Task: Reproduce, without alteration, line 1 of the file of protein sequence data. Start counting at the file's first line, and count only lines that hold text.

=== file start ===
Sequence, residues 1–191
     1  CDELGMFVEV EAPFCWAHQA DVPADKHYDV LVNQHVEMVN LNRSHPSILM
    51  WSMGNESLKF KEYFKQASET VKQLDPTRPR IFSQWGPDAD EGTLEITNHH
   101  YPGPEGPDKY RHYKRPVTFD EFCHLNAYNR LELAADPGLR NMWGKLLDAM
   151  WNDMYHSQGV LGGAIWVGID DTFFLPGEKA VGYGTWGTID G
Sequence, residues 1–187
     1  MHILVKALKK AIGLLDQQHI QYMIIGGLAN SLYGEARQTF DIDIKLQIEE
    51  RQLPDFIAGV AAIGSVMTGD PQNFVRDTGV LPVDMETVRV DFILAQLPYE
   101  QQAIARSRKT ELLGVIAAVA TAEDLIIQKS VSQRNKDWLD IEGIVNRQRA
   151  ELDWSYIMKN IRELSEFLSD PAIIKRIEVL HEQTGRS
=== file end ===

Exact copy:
Sequence, residues 1–191